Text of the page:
The reducibility of bulk metal oxides in which the cation is in its highest oxidation state (MgO, Sc2O3, Y2O3, TiO2, m-ZrO2, m-HfO2, CeO2, V2O5, Nb2O5, Ta2O5, WO3, CrO3, Al2O3, β-Ga2O3, SiO2, SnO2 and ZnO) has been studied by standard periodic density functional theory. We have defined and calculated descriptors able to describe and quantify semi-quantitatively the extent of reduction: electronic band gap, oxygen vacancy formation energy and electronic localization. We find that there is no single criterion for characterizing the reducibility. We discuss the advantages and limitations of each method, and we apply them to classify the materials with the PBE+U and B3LYP functionals. Typical irreducible oxides such as MgO show a large band gap, high oxygen vacancy formation energy and electronic localization of the reduction electrons forming and F-center, with a diamagnetic singlet electronic state. Reducible oxides such as TiO2 present small band gaps, small oxygen vacancy formation energy and electron localization of the reduction electrons in the cations, decreasing their oxidation state and presenting open-shell electronic states. Intermediate or ambivalent behavior is found for ZrO2, HfO2, β-Ga2O3, ZnO and SnO2.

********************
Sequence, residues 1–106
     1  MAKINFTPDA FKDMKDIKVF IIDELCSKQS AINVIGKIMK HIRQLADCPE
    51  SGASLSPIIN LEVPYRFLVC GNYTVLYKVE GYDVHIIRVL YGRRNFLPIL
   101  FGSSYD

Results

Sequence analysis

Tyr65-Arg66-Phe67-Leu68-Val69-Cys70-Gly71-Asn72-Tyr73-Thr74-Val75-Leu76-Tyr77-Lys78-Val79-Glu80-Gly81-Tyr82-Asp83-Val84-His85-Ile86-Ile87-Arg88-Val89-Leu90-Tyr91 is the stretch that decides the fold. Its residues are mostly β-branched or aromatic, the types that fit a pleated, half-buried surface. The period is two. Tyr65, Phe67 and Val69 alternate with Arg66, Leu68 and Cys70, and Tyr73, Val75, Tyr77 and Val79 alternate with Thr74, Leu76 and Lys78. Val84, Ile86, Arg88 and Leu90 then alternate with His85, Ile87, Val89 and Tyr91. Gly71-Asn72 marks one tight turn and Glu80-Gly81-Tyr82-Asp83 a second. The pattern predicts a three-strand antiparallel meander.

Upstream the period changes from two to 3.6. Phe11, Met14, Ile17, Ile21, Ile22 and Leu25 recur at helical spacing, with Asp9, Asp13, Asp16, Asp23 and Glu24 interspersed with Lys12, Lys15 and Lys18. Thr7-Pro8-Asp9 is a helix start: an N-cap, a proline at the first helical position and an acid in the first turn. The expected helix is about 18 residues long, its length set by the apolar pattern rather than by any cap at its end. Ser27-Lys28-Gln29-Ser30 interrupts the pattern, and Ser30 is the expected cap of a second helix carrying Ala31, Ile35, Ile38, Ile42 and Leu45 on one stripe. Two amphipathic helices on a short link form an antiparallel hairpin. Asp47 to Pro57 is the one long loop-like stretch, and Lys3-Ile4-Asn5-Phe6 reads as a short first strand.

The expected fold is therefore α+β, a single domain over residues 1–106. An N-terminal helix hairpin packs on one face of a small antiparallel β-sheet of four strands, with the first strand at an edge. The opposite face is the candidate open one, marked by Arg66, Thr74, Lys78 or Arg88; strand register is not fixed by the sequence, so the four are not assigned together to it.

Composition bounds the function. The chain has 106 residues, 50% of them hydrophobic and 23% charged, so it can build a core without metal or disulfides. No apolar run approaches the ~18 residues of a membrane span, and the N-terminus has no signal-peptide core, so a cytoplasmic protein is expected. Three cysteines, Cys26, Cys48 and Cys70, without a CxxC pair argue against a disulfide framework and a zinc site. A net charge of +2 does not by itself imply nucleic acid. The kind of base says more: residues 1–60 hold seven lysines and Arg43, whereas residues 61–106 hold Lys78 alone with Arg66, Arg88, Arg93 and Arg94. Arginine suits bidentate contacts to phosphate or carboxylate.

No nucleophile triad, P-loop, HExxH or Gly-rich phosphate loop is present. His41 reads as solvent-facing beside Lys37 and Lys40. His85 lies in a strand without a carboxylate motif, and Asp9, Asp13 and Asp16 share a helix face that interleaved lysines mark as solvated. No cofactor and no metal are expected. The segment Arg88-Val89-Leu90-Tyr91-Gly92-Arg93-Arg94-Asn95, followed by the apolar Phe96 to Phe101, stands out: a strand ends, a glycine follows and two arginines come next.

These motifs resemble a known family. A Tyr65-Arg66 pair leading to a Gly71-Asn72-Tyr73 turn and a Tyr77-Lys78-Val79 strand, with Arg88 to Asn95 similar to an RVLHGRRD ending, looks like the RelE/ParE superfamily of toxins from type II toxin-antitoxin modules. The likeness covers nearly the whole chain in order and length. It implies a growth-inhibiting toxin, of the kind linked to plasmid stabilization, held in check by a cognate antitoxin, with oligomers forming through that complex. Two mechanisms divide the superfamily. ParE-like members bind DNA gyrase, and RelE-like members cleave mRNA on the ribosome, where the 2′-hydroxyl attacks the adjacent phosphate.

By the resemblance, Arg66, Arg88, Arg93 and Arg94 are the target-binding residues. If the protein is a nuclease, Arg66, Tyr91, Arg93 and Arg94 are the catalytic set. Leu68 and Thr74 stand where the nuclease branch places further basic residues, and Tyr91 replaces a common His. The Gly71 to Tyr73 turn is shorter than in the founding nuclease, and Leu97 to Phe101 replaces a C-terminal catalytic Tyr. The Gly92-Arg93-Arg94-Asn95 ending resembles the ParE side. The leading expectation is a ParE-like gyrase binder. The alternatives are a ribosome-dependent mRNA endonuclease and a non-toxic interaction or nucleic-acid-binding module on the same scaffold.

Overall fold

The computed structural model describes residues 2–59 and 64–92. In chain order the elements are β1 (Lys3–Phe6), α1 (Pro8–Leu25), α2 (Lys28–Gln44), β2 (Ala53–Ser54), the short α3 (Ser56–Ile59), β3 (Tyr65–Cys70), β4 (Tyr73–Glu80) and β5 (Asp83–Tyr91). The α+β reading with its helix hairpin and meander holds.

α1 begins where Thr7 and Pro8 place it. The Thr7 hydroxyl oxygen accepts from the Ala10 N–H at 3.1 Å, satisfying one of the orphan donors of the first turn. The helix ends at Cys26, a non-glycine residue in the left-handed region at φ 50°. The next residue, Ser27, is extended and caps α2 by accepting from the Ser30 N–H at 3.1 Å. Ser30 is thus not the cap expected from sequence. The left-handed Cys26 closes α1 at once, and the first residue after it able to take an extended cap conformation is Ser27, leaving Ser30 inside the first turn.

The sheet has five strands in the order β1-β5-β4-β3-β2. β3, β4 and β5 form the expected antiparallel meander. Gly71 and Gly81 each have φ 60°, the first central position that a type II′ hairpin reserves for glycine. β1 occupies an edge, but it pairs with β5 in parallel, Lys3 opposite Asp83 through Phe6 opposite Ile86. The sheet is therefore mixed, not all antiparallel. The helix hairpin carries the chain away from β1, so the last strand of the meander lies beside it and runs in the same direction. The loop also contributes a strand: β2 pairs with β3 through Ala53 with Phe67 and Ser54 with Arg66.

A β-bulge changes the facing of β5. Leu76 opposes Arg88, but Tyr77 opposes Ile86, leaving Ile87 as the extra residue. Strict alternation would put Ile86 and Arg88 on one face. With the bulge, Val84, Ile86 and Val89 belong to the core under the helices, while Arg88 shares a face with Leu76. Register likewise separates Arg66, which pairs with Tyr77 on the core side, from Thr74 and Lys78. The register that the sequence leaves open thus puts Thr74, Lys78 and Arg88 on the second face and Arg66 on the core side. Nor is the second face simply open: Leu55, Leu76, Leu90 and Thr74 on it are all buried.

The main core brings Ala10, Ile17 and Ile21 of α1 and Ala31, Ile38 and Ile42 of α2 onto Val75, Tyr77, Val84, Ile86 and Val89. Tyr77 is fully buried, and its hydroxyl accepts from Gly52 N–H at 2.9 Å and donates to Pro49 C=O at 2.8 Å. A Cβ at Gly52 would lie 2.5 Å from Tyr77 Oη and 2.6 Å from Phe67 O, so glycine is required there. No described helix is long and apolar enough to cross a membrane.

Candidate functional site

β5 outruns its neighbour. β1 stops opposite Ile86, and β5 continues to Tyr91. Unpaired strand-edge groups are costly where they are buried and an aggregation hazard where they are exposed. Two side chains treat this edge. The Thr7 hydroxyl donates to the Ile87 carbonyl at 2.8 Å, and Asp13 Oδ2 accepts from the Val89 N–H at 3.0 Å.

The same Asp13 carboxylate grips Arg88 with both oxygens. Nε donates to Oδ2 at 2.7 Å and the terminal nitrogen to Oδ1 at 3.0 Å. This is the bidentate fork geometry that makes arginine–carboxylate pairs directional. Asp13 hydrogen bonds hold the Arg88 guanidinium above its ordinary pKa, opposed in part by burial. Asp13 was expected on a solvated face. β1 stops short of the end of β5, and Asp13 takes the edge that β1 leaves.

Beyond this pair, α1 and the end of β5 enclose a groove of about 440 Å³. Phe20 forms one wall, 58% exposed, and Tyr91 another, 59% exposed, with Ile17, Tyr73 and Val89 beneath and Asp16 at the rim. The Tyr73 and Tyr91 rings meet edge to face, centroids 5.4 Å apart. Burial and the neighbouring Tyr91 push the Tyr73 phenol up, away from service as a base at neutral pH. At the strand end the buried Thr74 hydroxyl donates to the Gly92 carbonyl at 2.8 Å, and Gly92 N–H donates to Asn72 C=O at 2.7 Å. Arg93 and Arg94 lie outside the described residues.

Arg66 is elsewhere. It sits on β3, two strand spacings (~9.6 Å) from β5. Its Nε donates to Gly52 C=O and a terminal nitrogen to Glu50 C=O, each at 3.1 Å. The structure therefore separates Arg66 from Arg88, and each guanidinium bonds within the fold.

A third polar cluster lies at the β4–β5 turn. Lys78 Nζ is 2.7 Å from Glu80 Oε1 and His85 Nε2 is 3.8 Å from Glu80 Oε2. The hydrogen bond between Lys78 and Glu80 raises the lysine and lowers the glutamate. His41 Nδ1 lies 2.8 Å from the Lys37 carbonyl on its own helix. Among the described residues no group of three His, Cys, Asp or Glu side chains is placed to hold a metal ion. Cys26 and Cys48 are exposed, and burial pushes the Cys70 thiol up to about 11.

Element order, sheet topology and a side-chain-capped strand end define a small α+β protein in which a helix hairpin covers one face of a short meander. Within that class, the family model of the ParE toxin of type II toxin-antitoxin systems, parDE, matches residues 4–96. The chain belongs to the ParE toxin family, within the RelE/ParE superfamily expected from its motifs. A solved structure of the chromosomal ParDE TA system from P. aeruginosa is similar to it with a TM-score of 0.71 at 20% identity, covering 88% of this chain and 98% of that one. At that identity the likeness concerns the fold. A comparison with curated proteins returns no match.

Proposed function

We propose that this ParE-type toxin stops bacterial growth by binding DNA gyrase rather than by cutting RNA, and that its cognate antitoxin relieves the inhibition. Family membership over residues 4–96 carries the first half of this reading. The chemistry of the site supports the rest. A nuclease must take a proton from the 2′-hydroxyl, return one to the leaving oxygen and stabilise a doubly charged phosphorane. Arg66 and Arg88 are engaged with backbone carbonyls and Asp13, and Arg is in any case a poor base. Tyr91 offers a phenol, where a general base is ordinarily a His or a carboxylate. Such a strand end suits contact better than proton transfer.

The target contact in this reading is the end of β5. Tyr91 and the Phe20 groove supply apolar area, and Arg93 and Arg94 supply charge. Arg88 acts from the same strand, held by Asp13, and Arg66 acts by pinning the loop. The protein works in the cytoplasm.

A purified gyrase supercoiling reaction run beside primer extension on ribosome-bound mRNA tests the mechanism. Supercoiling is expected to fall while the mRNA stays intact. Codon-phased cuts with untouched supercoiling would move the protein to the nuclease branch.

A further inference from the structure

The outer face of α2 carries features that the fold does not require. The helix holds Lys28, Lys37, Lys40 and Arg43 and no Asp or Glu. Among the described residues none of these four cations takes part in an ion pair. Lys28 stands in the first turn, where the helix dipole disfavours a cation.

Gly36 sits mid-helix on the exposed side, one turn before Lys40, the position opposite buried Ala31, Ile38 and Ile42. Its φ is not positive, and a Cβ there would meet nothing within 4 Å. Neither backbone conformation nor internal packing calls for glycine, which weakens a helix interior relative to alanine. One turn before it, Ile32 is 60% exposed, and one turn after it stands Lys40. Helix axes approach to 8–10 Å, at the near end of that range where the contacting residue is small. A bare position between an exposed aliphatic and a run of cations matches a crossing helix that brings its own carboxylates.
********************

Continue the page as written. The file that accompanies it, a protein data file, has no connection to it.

ASJC Scopus subject areas
- Physical and Theoretical Chemistry